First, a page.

Esri heralded the winners of the Storytelling with Maps competition at the 2011 Esri International User Conference (Esri UC). Chih Cheng Chang, director of the application system division at RiChi in New Taipei City, Taiwan, won first place for Best Web Map. Dr. Thanos Doganis, director of R&D at Terra Ltd., with Terra Mapping The Globe Ltd. in Athens, Greece, won first place for Best Mobile App.
Chang’s web map shows natural resources data, including hydrology, water resources, geology, and soil, and introduces professional GIS-related information to a general audience. Terra’s free mobile app for the iPhone provides points of interest, including hospitals and pharmacies on duty, for numerous cities in Greece. The winners were selected by a distinguished panel of judges comprised of Jean McKendry of the American Association of Geographers; Frank Biasi of National Geographic; and Allen Carroll, Deane Kensok, and Damien Demaj of Esri’s ArcGIS Online Team.
Jack Dangermond presented the awards to the winners at the Esri UC in San Diego, California, on Wednesday, July 13, 2011. The competition was created to show how maps can visually communicate meaningful and interesting information about the world, people, and places.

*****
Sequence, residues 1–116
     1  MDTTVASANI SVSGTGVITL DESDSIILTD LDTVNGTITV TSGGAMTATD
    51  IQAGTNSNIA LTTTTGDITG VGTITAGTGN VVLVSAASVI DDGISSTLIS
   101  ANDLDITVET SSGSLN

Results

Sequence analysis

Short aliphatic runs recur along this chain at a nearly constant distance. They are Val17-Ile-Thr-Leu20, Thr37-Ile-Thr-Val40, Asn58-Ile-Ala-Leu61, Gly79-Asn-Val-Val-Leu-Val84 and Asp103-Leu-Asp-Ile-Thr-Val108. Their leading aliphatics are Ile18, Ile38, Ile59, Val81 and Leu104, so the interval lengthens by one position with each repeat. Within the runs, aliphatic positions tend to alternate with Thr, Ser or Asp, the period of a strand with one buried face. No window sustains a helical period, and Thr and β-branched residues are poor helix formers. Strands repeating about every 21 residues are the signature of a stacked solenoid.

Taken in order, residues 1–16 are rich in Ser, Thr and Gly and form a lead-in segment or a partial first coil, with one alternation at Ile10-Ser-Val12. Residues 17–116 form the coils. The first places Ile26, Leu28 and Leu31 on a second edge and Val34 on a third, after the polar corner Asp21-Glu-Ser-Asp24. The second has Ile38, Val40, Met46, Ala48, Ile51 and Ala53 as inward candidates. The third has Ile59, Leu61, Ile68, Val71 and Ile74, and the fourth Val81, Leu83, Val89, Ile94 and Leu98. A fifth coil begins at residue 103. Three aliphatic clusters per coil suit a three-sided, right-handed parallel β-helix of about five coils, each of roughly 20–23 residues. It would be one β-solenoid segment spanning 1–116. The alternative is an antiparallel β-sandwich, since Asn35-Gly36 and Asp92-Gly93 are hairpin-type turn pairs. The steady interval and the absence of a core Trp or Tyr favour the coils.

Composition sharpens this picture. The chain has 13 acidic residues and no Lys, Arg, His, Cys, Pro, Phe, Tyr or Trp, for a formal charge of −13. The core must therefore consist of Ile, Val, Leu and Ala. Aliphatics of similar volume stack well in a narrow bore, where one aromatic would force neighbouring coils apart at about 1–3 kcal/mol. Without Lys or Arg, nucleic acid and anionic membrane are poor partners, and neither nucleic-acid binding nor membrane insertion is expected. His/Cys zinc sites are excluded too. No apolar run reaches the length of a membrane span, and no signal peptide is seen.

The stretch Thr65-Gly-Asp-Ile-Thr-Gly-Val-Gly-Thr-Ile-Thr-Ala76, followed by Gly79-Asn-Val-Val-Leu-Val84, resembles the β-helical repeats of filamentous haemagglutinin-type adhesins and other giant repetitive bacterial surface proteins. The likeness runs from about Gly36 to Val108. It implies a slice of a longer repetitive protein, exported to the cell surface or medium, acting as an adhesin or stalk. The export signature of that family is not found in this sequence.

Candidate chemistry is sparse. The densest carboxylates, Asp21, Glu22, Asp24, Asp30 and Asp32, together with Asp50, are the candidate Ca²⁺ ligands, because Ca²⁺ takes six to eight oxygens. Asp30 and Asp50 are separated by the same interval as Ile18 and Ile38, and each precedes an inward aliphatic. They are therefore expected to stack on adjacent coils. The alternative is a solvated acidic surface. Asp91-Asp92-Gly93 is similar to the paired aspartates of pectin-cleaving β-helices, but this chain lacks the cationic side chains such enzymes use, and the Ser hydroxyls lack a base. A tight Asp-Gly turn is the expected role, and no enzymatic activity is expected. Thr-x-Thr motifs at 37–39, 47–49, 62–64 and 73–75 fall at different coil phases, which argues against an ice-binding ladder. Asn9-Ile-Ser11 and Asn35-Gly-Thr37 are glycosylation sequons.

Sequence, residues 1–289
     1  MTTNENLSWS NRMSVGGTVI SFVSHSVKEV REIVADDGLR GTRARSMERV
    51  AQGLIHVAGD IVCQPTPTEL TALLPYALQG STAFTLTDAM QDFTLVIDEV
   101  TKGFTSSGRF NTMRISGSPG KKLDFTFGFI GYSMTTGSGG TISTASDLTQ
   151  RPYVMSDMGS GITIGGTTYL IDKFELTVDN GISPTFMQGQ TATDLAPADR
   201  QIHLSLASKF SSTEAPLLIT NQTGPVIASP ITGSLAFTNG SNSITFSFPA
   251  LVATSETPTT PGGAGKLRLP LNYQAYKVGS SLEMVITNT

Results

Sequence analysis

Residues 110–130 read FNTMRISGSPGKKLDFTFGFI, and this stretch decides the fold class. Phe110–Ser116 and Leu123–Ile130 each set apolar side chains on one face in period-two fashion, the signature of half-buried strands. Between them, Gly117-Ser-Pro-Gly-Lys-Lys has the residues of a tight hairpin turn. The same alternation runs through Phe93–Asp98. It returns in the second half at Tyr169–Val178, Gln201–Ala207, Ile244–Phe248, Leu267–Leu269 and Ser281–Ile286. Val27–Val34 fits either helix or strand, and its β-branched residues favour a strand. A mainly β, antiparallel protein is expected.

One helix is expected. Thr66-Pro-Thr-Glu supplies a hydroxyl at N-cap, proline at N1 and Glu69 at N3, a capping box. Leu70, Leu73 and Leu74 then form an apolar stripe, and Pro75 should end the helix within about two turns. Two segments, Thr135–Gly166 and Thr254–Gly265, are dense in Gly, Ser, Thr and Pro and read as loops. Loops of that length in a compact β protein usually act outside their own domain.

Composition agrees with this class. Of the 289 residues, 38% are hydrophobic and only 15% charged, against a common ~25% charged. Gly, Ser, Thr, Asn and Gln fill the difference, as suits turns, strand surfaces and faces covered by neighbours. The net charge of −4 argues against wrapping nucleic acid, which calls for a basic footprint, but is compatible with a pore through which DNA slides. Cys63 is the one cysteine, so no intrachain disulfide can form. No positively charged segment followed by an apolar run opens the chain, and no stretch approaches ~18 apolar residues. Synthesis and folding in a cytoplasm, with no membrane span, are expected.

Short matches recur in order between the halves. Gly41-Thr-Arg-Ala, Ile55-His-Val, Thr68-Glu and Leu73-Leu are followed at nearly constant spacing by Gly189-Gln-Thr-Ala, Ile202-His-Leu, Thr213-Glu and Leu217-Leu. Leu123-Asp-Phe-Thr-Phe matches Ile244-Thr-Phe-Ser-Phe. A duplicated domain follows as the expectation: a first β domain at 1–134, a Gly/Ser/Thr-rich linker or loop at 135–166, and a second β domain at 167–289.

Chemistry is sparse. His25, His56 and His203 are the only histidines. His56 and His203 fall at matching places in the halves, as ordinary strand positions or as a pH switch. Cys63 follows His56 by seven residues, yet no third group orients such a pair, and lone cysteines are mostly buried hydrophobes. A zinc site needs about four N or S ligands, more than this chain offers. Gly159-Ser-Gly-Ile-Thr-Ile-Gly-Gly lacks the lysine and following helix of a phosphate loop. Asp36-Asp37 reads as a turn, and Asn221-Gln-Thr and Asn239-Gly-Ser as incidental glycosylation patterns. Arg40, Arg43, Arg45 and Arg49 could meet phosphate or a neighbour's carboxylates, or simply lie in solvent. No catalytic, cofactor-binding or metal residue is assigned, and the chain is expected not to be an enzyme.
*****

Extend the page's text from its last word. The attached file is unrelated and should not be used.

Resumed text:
- First-Place Best Web Map: Chih Cheng Chang—Natural Environment Database Map in Taiwan
- Second-Place Best Web Map: Tom Sellsted—Yakima Transit iBus Widget
- Third-Place Best Web Map: Don Barker—The Search for Frederick Douglass’ Birthplace
- First-Place Best Mobile App: Thanos Doganis—Livemap
- Second-Place Best Mobile App: Chih Cheng Chang—NGIS Natural Environment Maps in Taiwan iOS App
- Third-Place Best Mobile App: Patrick Bell—iGeology
- Community Favorite Award Best Web Map: Mark Laudon—Save the Rain!
- Community Favorite Award Best Mobile App: Patrick Bell—iGeology
View all contest entries at esri.com/storytellingentries.
[Source: Esri press release]
Drug and Alcohol Review, published online 05 July 2011
William Alex Pridemore and Tony H. Grubesic
“Aims: While there is substantial evidence of an association between alcohol outlet density and assault, it is unlikely this association is constant across the urban environment. This study tested the moderating influence of land use on the outlet–violence association.
“Design: Cross-sectional ecological study that controlled for spatial autocorrelation.
“Setting, Participants and Measurements: Police-recorded data on simple and aggravated assaults were obtained for all 302 block groups (mean population = 1038) in Cincinnati, Ohio, USA. Addresses of alcohol outlets for Cincinnati were obtained from the Ohio Division of Liquor Control, geocoded to the street level, and aggregated to census block groups. Data on eight categories of land use were obtained from the Cincinnati Area Geographic Information System, with location quotients computed for each block group.
“Findings: We found substantial evidence that the impact of total alcohol outlet density, bar density and carryout density on assault density was moderated by land use.